ICE BUCKETS WAKES UP LEADERS
While you don’t need to spill a bucket of water on your head to earn credibility as a leader, now is the time to consciously take a look in the mirror and ask yourself if you are being as human as you can at work.
WHAT IS ALS?
ALS was first found in 1869 by French neurologist Jean-Martin Charcot, but it wasn’t until 1939 that Lou Gehrig brought national and international attention to the disease. Ending the career of one of the most beloved baseball players of all time, the disease is still most closely associated with his name. Amyotrophic lateral sclerosis (ALS) is a progressive neurodegenerative disease that affects nerve cells in the brain and the spinal cord. Motor neurons reach from the brain to the spinal cord and from the spinal cord to the muscles throughout the body. The progressive degeneration of the motor neurons in ALS eventually leads to their death. When the motor neurons die, the ability of the brain to initiate and control muscle movement is lost. With voluntary muscle action progressively affected, patients in the later stages of the disease may become totally paralyzed.
WHO GETS THIS DISEASE?
ALS strikes people between the ages of 40 and 70, and as many as 30,000 Americans have the disease at any given time. ALS has cut short the lives of other such notable and courageous individuals as Hall of Fame pitcher Jim "Catfish" Hunter, Senator Jacob Javits, actors Michael Zaslow and David Niven, creator of Sesame Street Jon Stone, television producer Scott Brazil, boxing champion Ezzard Charles, NBA Hall of Fame basketball player George Yardley, pro football player Glenn Montgomery, golfer Jeff Julian, golf caddie Bruce Edwards, British soccer player Jimmy Johnstone, musician Lead Belly (Huddie Ledbetter), photographer Eddie Adams, entertainer Dennis Day, jazz musician Charles Mingus, former vice president of the United States Henry A. Wallace and U.S. Army General Maxwell Taylor.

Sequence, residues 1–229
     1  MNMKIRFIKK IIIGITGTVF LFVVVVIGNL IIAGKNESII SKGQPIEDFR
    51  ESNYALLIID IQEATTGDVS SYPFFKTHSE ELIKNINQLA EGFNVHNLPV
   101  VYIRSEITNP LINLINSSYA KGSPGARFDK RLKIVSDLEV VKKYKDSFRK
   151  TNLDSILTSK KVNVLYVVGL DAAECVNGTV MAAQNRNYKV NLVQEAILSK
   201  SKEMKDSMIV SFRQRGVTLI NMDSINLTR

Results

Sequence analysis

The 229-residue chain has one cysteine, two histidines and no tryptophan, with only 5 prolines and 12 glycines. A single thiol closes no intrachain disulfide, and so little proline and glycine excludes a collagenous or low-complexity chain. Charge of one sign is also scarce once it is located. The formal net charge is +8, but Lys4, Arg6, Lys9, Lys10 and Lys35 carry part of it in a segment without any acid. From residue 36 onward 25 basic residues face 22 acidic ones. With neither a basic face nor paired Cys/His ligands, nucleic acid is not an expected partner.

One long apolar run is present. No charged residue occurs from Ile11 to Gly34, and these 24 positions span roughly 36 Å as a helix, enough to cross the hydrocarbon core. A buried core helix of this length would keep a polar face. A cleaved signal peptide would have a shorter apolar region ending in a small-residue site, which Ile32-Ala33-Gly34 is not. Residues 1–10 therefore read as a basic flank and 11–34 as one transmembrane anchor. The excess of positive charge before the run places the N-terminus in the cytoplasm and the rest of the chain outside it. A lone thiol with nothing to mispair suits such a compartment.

WHAT YOU SHOULD KNOW ABOUT ALS?
- ALS is not contagious.
- It is estimated that ALS is responsible for nearly two deaths per hundred thousand population annually.
- Approximately 5,600 people in the U.S. are diagnosed with ALS each year. The incidence of ALS is two per 100,000 people, and it is estimated that as many as 30,000 Americans may have the disease at any given time.
- Although the life expectancy of an ALS patient averages about two to five years from the time of diagnosis, this disease is variable and many people live with quality for five years and more. More than half of all patients live more than three years after diagnosis.
- About twenty percent of people with ALS live five years or more and up to ten percent will survive more than ten years and five percent will live 20 years. There are people in whom ALS has stopped progressing and a small number of people in whom the symptoms of ALS reversed.
- ALS occurs throughout the world with no racial, ethnic or socioeconomic boundaries.
- ALS can strike anyone.
Ice Bucket Challenge Donations Reach $70.2 Million
As of Sunday, August 24, The ALS Association has received $70.2 million in donations compared to $2.5 million during the same time period last year (July 29 to August 24). These donations have come from existing donors and 1.3 million new donors to The Association.